Women in Engineering Part 1, Flight Gang 1942
Catalogue reference: LAB44/252
The sources for information about women who served in the Second
World War are numerous and can easily be found using internet
search engines such as google. The
Imperial War Museum and
Army Museum are two excellent sources for general
Access to closed files
Service records for serving women are difficult to obtain.
They fall within the 30 year closure rule and are therefore
to the public unless certain criteria is met.
- Ministry of Defence
Service records can be disclosed to:
- The ex-Serviceman/woman
the information belongs to.
- The widow/widower of a deceased ex-Serviceman/women.
- The legal
next of kin, if both the ex-Service person and their spouse
All other enquirers must be able to provide a letter of consent
for the information to be disclosed from either the person the
record belongs to or, if that person is deceased, from their
next of kin. The MoD will require proof of death and kinship
for all requests made for information about a deceased ex-Serviceman/woman.
A fee may be charged unless the request is made by the ex-Serviceman/woman
the record belongs to or their widow/widower.
To access a record the following information (or as much as possible)
- Service Number, Rank, Full Name, Date of Birth and
period served (dates from and to). For queries to the Army
also state the Regiment
or Corps in addition to the above information.
- A full copy of
the record can be requested however, original documents,
discharge papers/books cannot be replaced. The MoD
will also provide extracts from service records.
More Information on how to obtain access to service records held
by the Ministry of Defence can be found at http://www.veteransagency.mod.uk/servicerecs/servrecs.htm
Service records which pre-date those held by the MOD have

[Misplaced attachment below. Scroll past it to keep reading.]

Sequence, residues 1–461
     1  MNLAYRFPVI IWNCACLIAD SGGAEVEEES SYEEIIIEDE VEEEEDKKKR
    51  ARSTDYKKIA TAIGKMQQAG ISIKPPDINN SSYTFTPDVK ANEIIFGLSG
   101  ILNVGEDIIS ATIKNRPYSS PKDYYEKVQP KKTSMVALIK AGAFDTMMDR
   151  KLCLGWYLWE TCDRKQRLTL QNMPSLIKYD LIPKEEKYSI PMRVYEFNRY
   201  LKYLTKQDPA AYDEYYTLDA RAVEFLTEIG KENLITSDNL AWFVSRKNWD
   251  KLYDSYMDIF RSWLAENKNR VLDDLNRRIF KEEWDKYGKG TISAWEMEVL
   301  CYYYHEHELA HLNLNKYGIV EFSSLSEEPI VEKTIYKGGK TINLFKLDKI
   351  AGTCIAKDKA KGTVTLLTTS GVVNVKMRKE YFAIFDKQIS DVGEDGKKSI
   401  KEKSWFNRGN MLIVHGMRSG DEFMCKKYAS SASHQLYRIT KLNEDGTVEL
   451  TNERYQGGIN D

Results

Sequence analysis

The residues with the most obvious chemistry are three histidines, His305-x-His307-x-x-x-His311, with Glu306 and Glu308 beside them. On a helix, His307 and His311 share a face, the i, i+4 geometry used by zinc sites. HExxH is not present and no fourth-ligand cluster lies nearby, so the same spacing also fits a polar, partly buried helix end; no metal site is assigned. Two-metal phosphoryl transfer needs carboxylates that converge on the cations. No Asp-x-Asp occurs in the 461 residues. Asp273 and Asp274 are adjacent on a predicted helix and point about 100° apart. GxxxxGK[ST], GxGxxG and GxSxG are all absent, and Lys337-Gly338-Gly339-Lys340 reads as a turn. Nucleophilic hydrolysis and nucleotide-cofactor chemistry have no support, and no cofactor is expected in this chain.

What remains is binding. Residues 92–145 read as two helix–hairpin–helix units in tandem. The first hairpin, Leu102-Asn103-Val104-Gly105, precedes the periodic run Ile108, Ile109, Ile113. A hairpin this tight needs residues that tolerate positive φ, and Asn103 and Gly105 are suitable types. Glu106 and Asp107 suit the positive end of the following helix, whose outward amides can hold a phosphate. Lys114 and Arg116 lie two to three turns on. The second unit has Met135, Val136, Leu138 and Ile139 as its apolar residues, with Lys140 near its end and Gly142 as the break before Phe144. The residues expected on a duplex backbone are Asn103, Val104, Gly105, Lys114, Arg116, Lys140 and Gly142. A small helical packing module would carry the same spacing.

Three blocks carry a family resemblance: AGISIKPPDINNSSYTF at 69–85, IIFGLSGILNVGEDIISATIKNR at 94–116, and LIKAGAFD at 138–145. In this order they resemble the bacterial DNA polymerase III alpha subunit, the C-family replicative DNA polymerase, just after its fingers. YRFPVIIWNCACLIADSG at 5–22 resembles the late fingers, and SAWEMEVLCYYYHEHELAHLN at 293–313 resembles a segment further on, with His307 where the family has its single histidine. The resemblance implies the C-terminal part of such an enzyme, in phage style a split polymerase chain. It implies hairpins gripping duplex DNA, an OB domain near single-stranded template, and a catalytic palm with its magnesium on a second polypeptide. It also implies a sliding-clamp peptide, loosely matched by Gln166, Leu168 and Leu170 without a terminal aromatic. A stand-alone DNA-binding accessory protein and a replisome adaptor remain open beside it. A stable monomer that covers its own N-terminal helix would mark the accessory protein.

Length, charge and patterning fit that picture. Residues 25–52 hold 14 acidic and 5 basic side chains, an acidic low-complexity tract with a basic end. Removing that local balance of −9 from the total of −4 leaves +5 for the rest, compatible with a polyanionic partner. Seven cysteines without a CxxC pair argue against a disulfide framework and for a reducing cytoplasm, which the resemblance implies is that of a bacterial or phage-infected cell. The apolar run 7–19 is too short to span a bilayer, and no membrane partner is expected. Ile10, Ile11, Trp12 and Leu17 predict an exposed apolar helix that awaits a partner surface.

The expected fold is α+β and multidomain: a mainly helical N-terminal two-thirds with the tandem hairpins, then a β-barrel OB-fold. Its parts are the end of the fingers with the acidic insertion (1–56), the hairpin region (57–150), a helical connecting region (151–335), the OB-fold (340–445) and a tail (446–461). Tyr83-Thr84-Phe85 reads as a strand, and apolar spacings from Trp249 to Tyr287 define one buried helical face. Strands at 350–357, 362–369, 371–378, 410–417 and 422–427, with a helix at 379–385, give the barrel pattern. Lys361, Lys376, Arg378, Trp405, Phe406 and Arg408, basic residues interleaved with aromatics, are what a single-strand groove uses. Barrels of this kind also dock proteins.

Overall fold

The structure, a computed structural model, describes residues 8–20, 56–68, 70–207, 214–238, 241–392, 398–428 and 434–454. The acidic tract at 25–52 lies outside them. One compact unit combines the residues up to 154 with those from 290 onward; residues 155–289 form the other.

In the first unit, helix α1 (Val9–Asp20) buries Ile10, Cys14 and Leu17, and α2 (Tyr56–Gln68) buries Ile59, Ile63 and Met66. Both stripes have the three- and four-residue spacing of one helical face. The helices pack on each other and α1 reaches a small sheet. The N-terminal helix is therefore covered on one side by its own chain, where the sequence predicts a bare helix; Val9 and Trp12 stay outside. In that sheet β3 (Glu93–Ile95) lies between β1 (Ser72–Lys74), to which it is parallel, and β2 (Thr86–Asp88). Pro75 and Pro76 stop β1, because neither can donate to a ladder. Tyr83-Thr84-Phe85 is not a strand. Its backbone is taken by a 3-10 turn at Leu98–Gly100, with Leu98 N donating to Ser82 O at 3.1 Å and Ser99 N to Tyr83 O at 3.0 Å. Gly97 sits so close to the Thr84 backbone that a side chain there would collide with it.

been transferred to The National
Archives and are freely available
for public access.
Poster appeal for both Auxiliary
Territorial Service (ATS) and Women’s’ Auxiliary Air Force (WAAF)
Imperial War Museum
15 October 2003 until 18 April 2004 the Imperial War Museum in
staging a major exhibition on the role of women in wartime. "Women
and War" is the most ambitious exhibition of its kind ever
mounted on this theme, telling the story of servicewomen, nurses,
land girls, factory workers, secret agents, pilots and peacekeepers
from the First World War to the present day. For more information
about the "Women and War" exhibtion see our Imperial
War Museum partners page.
National Army Museum
Photograph of Field Marshal Sir Claude Auchinleck inspecting
members of the Women's Auxiliary Corps (India), 1947 has been
used with the kind permission of the National Army Museum. The
National Army Museum is the British Army's own museum. It is
the only museum to tell the story of the Army as a whole from
Agincourt in the Fifteenth Century to peace-keeping in the Twenty-first
We Were There
The Ministry of Defence has an internet version
of the 'We Were There' Exhibition. It forms a tribute to the
to British defence by military and civilian personnel from what
was then the British Empire and later the Commonwealth and whose
descendants now form part of the richly diverse ethnic population
in the United Kingdom.